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Understand the market structure for 2CVs in Europe

When you look at 2CVs for sale in Europe you will basically find 3 main categories.

· 2CVs which were used as every day's cars
· 2CVs which were seen as fun cars
· Brand new 2CVs which were kept as collector cars

You should get a basic idea about what quality types of cars are available and the motivation of the owners to sell them.

2CVs which were used as every days cars

Most cars were in every days use. So the mileage is somewhere between 30,000 km and 120,000 km. Due to the poor material and production quality these cars usually show severe rust problems (See buyers guide See Places to look for rust). Many of them already got a new frame some years ago but if the car didn't receive grease rust protection this new frame may already be rusty again. Most owners didn't have a garage so the car was left out in the street at all kinds of weather.
Very often the car doesn't pass the European technical inspection because it is seen unsafe. The owner tries to get it repaired but the costs are too expensive. This is the moment when the decision is made to sell the car.
When these cars are advertised you will mostly learn about "good condition". Quite often the owner isn't aware of the bad condition since the body still looks reasonable. However many of these cars can be restored but don't underestimate the work and material necessary for this task. You are looking at thousands of dollars and a major restoration job (Red 2CV 6 Club See: Slideshow Rote Berching). So to buy a car like this needs to be considered very careful. Many people offer to sell restored 2CVs. But be aware that the term "restoration" is often used on dubious jobs. White 2CV Perrier See: Slideshow Restoration White 2CV Perrier. This is a pretty good example of what is often advertised as "Restored". To maximize the profit the work is mostly done quick and dirty. So buying a restored car you need to trust the person who did the restoration. Once everything is covered up and painted it is hard to see if the job was done right. You will only be able to find out after a while. This is why we take photos of every step in the restoration process. This way you can see how things look under the cover of paint.

2CVs which were seen as fun cars

Just a few 2CVs were used only as fun cars. Those cars were often only licensed in summer and driven just when the weather was good. Unlike the cars used every day these lucky cars were stored in proper garages most of the time. Mostly they have less than 40,000 km on the odometer. But don't be too trustful - a low mileage doesn't necessarily mean a good condition. It all depends on the way the car was used and stored. We found a car that was badly rusted after only 20,000 km. The explanation was simple. The owner used the car every day for only about 2 mi. So the car got all the salt in winter and all the water in the rain. Even so the body was badly rusted, the drive train and the driving gear were in a great condition.
So looking for a low mileage 2CV needs a lot of expertise to determine if the car really is in the promised perfect condition. You need to inspect every place where rust usually shows up closely See buyers guide See Places to look for rust).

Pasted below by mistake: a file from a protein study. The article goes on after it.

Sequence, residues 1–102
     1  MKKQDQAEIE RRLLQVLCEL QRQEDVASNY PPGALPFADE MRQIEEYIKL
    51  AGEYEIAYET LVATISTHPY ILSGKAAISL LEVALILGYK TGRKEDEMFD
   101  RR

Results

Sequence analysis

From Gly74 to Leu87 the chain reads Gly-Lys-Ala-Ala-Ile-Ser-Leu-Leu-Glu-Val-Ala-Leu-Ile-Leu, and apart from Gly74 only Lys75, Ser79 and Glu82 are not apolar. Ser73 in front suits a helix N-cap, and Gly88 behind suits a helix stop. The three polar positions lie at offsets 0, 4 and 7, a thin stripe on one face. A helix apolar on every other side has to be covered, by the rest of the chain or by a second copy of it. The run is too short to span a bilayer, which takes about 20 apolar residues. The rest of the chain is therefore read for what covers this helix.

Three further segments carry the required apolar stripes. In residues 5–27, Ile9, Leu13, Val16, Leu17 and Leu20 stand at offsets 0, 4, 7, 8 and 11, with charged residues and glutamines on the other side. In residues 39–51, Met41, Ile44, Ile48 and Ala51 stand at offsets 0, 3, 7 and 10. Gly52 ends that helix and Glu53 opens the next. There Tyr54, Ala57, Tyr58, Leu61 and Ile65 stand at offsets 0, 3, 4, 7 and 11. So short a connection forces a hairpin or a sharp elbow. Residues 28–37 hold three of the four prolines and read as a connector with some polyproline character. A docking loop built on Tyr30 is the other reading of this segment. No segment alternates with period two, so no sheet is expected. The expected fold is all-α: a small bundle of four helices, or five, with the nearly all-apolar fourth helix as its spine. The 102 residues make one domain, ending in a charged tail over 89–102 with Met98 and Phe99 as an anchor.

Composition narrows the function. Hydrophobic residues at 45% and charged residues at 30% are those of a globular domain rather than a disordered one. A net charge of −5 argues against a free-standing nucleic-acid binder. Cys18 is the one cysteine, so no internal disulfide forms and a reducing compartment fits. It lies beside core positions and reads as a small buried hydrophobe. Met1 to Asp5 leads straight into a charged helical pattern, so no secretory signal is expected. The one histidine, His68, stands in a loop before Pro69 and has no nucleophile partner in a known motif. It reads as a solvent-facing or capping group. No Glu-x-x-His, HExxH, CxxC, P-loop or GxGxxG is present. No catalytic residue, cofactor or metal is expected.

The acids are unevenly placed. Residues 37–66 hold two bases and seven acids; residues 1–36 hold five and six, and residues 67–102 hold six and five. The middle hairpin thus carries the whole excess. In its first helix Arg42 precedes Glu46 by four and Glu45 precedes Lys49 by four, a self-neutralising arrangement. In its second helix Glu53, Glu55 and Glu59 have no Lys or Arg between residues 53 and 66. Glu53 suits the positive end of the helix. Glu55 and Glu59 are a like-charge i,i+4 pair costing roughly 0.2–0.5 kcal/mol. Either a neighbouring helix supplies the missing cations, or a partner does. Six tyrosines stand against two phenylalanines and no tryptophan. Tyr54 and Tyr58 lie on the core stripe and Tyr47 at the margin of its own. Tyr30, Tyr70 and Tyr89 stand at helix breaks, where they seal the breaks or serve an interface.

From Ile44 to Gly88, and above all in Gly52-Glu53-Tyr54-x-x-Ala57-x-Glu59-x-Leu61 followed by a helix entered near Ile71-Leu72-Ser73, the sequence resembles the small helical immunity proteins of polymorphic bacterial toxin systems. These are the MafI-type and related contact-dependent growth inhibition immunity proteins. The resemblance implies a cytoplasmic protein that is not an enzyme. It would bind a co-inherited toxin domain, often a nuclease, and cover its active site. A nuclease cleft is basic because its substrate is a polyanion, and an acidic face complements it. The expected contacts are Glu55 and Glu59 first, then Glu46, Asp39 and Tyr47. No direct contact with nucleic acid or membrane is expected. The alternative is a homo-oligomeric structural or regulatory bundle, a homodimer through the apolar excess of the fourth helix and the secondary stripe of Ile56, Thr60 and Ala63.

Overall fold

Brand new 2CVs

When Citroen announced the end of production for the 2CV something unique happened. People rushed to the dealers and bought the supply that was planned for the whole year in only 3 month. Why did this happen? Any other manufacturer will create the opposite effect with an announcement like this. Customers will more likely wait for the new models and the dealer has a hard time selling the old stock.
However Citroen was in a very different situation. The 2CV meant so much more than just a car, a means of transport, to so many people. There was this saying - you either love it or you hate it. Since so many people loved this car Citroen was in the inconvenient situation to keep on producing the 2CV. In the 70ies there were some attempts by Citroen to replace the 2CV by another design - the customers voted different. The 2CV survived all these intended successors because of its unique flair. Subsequently Citroen didn't need to advertise for the 2CV - the legend just kept on rolling.
When finally Citroen decided to quit production in 1990 many people awoke and rushed to the dealers to buy the last new 2CV they could ever get. So many of those cars ended up in nice and dry garages to be stored for eternity.
Eventually somebody decides to sell this valued collector car. This is why you can eventually get a brand new 2CV.
Since a while there is a growing market for good 2CVs in Europe now. Many people see this car as a part of their youth. They owned a 2CV while they were at the university. After they finished their education they found themselves in well-paid jobs so they could afford any car they could think of. Now twenty years later they like to have a 2CV again as a reminder for the best time in their lives. But there are not many good 2CVs left. So the price for new cars has skyrocketed. From the sellers point of view a financial loss is also not acceptable. They want to get the money they paid many years ago plus the expenses for a garage over all those years.
To find a car like this is a game of chance. One has to be in the right place at the right moment. Whenever a new 2CV is advertised it won't last. It is usually sold within hours.
The bottom line is: A new 2CV is very expensive.

Unfortunately people only started to buy new 2CVs to preserve them when the production ended. Citroën didn't announce the end of production for the special models like 2CV Charleston or 2CV Dolly that happened more than a year before the final 2CV was produced. So nobody knew and bought these cars to store them.

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